We investigate complaints of overcrowded houses using a standard contained within the Housing Act 1985. The Housing Act standard has changed very little since it was first set out in the 1957 Housing Act.
Many people who contact us find that they are not legally overcrowded even though their living conditions are very cramped.
This standard is used for measuring overcrowding and includes any habitable room but does not include non-habitable rooms such as the bathroom or a non-dining kitchen or hallway.
A habitable room includes a bedroom, living room, dining room, study etc. If you have a kitchen/diner do not include the kitchen area of the room in any measurements.
Rooms or parts of rooms with ceilings less than five foot (1.524m) for example in an attic, are not included in the measurements. When measuring rooms you must take into account bay windows, cupboard and chimney alcoves unless ceiling height is less than five foot (1.524m).
The standard is divided into these three sections:
|Number of rooms
||Number of persons allowed
|5 or more
||2 per extra room
This standard does not include children under 10
|Square meters of floor area (square feet)
||Number of persons allowed
|10.2 (110) or more
|8.36 - 10.2 (90 to 110)
|6.5 - 8.36 (70 to 90)
|4.66 - 6.5 (50 to 70)
|Less than 4.66 (50)
Floor area should be measured per room and the total of occupiers totalled for the whole dwelling
- Persons counted as follows:
- babies under 1 equal 0 persons,
- children 1-10 years equal ½ person,
- over 10 years = 1 person
No two persons, over 10 years old, of opposite sex should have to sleep in the same room (unless living as a couple). This does not allow for couples to have a room to themselves - the standard would not be breached if the mother slept in the same room as the daughter and the father with the son.
Whichever standard allows the smallest number of occupiers should be used to determine the maximum number of occupants per dwelling.
What to do next
If you think you may be living in an overcrowded property then contact us. We will arrange to inspect your property to advise if your home is statutorily overcrowded. Please contact us on 0300 300 8767 or email email@example.com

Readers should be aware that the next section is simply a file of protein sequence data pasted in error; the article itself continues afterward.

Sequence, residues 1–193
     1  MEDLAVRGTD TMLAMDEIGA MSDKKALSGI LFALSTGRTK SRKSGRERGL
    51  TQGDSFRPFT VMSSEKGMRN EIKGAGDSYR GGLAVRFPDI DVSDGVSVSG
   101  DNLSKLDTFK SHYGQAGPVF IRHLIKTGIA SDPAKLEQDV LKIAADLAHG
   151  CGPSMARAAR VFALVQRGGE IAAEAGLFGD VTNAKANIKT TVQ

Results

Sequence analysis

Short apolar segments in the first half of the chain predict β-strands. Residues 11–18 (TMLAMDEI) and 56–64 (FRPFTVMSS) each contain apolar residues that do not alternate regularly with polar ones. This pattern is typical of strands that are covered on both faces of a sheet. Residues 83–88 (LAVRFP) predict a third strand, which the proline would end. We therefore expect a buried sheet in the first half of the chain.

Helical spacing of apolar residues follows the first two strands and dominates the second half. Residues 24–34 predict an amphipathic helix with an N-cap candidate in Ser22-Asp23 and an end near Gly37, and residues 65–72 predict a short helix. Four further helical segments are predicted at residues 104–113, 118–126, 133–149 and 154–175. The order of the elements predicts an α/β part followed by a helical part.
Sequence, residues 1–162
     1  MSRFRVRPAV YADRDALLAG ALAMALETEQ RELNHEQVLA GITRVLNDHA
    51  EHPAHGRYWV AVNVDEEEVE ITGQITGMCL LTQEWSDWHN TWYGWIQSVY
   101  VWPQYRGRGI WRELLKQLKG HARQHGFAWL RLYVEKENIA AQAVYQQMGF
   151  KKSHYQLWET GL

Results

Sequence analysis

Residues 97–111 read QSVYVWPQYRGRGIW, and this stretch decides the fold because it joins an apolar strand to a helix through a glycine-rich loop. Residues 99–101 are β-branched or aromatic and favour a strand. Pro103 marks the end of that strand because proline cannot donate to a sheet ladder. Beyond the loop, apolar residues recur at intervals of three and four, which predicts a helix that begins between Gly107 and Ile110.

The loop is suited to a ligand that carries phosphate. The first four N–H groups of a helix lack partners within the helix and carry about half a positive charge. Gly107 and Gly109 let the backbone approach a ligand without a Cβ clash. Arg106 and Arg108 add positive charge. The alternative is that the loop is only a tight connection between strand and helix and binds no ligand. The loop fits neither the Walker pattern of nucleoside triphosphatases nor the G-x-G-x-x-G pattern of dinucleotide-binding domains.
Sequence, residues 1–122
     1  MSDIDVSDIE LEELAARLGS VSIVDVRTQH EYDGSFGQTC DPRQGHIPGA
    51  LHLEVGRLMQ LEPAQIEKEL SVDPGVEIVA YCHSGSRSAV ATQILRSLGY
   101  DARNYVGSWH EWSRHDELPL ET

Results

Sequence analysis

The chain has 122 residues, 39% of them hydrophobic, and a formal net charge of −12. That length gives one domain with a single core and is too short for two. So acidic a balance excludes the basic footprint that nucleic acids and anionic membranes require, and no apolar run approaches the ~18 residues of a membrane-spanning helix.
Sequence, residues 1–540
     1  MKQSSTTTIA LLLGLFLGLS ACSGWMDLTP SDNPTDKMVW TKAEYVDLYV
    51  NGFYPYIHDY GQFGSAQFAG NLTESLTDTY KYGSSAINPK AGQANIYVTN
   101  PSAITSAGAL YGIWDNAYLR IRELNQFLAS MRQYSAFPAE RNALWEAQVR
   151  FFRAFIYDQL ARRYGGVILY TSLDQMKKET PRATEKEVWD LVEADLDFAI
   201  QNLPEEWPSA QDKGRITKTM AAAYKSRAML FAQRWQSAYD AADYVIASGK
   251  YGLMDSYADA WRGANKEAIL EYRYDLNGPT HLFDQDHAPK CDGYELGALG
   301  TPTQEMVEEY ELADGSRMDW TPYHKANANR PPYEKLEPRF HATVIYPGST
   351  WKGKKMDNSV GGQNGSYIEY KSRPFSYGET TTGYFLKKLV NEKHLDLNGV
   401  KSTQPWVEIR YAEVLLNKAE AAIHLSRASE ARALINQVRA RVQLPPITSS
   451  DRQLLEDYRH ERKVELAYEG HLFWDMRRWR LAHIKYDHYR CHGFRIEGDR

Non-statutory room standard – the bedroom standard
The government has proposed the introduction of a bedroom standard to replace the current statutory standard set out above.
This is not yet law, but some housing authorities have adopted this standard when allocating social housing.
The proposed bedroom standard
A standard number requirement of bedrooms is calculated for each household in accordance with its age/sex/marital status composition and the relationship of the members to one another.
A separate bedroom is required for:
- each married or co-habiting couple
- for any other person age 21or over
- for each pair of adolescents aged 10 to 20 years of age of the same sex
- for each pair of children under 10
- any unpaired person 10-20 is paired if possible with a child under 10 of the same sex or if that is not possible he/she is counted as requiring a separate bedroom, as is any unpaired child under 10
This is then compared to the actual number of bedrooms including bedsitters available for the sole use of the household.
Housing Health and Safety Rating System (HHSRS)
In addition to the Overcrowding Standards mentioned previously, we also have regard to the provisions of the Housing Health and Safety Rating System (link opens in new window) (HHSRS). The HHSRS is the government’s approach to the evaluation of the potential risks to health and safety of occupiers or visitors from any deficiencies identified in dwellings. The HHSRS considers hazards associated with the lack of space within the dwelling for living, sleeping and normal family/household life.